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Fertilizer flower induction

  • Nutrient requirements

    • High N, K, and Fe

    • Low requirement of P and Ca

  • Nutrient scheduling

    • Less required for first 5 months

    • Peak 2 - 4 months before forcing

      • Need dark green leaves at forcing for best production

    • Minimal during flowering/fruiting

Tropical Horticulture - Texas A&M University


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Pesticides and fungicides sprayed as necessary flower induction

Tropical Horticulture - Texas A&M University


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Pineapple Harvest flower inductionHarvest as shell color changes from green to yellow at base

Tropical Horticulture - Texas A&M University


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Pineapple Harvest flower induction

Tropical Horticulture - Texas A&M University


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Pineapple Harvest flower induction

Tropical Horticulture - Texas A&M University


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Pineapple Harvest flower induction

Tropical Horticulture - Texas A&M University


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Pineapple Harvest flower induction

Tropical Horticulture - Texas A&M University


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Pineapple Harvest flower induction

Tropical Horticulture - Texas A&M University


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Cultivars flower induction

  • ‘Smooth Cayenne’

  • Origin - not clear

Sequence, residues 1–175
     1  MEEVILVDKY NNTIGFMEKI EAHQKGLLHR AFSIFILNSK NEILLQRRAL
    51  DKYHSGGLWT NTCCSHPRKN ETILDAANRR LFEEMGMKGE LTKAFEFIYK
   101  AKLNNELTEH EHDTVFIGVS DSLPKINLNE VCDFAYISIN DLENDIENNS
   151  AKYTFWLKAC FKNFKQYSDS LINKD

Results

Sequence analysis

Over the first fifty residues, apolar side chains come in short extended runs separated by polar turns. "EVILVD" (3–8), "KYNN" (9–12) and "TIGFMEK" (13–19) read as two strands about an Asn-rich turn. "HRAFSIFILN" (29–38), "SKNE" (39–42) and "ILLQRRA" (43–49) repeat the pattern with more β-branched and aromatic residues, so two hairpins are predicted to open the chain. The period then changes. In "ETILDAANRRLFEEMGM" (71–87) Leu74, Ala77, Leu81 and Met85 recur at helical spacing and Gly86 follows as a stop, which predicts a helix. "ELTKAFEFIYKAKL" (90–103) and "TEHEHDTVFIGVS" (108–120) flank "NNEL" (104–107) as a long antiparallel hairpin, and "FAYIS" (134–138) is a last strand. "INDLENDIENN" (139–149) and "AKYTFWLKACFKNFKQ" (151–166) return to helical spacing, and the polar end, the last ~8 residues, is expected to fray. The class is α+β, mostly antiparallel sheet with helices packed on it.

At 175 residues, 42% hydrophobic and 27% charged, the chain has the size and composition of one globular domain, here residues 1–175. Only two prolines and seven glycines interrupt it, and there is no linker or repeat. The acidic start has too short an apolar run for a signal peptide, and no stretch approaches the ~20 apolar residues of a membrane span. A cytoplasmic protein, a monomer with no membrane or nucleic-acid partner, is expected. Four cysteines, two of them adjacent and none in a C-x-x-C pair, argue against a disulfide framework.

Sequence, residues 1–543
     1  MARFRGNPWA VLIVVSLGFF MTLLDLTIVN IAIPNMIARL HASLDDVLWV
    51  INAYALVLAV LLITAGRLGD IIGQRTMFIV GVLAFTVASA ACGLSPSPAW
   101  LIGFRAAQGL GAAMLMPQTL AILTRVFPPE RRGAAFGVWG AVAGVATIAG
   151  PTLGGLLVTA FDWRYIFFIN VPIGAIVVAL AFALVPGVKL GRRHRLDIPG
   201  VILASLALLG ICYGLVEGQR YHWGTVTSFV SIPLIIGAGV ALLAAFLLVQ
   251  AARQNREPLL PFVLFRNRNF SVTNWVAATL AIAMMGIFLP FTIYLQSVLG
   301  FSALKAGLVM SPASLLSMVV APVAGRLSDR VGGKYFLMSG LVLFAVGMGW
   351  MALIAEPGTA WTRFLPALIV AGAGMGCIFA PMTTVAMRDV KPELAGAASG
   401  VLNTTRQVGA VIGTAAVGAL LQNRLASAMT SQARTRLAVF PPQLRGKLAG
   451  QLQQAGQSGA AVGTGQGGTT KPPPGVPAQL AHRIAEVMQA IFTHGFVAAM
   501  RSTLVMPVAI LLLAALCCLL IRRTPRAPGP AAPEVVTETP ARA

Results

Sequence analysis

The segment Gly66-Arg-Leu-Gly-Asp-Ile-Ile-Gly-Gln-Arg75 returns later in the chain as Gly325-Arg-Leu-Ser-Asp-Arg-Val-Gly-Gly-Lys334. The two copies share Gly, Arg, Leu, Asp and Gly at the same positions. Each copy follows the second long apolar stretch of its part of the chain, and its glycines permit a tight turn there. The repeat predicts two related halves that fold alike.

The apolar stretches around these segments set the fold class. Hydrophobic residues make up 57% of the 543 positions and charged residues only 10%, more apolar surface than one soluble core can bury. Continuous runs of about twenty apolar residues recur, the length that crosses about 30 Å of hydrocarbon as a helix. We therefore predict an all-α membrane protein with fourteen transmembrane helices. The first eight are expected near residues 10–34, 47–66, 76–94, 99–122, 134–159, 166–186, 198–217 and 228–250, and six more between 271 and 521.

Tropical Horticulture - Texas A&M University


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Distribution of Cayenne Pineapple flower induction

1835

1860

1820

1885

Hawaii

Hawaii

1893

1897

1858

Tropical Horticulture - Texas A&M University


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Cayenne - most important flower induction

  • Processing

    • Cylindrical for Canning

    • Leaves - no spines, slips few

    • Large fruits 2.5 - 3.5 Kg (5.5-7.7 lbs)

  • Common in USA grocery stores

  • Marginal for fresh market

    • Too high in acid

    • Skin is thin so bruise easily

Tropical Horticulture - Texas A&M University


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Red Spanish - 2nd flower induction

  • Well adapted for shipping fresh

    • 2-4 lbs

    • Pale yellow

  • Grown in Cuba and Puerto Rico

  • Plant

    • Hardy, spiny leaves

    • Many slips

Tropical Horticulture - Texas A&M University


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Sugar Loaf types flower induction

  • Widely grown in tropical America

    • Sweetest of white-fleshed forms

    • Lower acid than Cayenne

    • Many have small fruit (1/2 - 1 kg)

      • Kona Sugarloaf has fruit 2-2.5 kg size

Tropical Horticulture - Texas A&M University


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Post Harvest - Storage flower induction

  • Partially ripe

    • 50 - 55oF

  • Ripe pineapples

    • 45oF

    • RH 85 - 90%

  • Exposure sub 45oF  chilling injury

Tropical Horticulture - Texas A&M University


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Any Questions about Pineapple? flower induction

Tropical Horticulture - Texas A&M University